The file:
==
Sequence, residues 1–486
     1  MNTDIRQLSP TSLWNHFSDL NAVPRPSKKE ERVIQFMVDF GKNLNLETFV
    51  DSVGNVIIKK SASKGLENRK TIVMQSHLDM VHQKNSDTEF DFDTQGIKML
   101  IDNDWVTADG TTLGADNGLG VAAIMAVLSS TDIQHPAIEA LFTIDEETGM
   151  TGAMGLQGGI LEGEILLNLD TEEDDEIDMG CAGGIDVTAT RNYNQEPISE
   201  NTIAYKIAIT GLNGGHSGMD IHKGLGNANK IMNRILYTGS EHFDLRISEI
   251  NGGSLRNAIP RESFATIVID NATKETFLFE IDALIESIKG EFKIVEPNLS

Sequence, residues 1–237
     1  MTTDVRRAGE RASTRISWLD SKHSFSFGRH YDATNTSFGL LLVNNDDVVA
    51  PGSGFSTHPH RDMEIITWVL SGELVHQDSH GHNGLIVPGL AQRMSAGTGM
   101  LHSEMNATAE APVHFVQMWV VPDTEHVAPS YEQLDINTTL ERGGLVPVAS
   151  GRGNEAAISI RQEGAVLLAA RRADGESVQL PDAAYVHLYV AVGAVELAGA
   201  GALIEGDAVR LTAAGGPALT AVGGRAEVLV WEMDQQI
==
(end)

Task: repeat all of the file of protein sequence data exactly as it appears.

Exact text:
Sequence, residues 1–486
     1  MNTDIRQLSP TSLWNHFSDL NAVPRPSKKE ERVIQFMVDF GKNLNLETFV
    51  DSVGNVIIKK SASKGLENRK TIVMQSHLDM VHQKNSDTEF DFDTQGIKML
   101  IDNDWVTADG TTLGADNGLG VAAIMAVLSS TDIQHPAIEA LFTIDEETGM
   151  TGAMGLQGGI LEGEILLNLD TEEDDEIDMG CAGGIDVTAT RNYNQEPISE
   201  NTIAYKIAIT GLNGGHSGMD IHKGLGNANK IMNRILYTGS EHFDLRISEI
   251  NGGSLRNAIP RESFATIVID NATKETFLFE IDALIESIKG EFKIVEPNLS

Sequence, residues 1–237
     1  MTTDVRRAGE RASTRISWLD SKHSFSFGRH YDATNTSFGL LLVNNDDVVA
    51  PGSGFSTHPH RDMEIITWVL SGELVHQDSH GHNGLIVPGL AQRMSAGTGM
   101  LHSEMNATAE APVHFVQMWV VPDTEHVAPS YEQLDINTTL ERGGLVPVAS
   151  GRGNEAAISI RQEGAVLLAA RRADGESVQL PDAAYVHLYV AVGAVELAGA
   201  GALIEGDAVR LTAAGGPALT AVGGRAEVLV WEMDQQI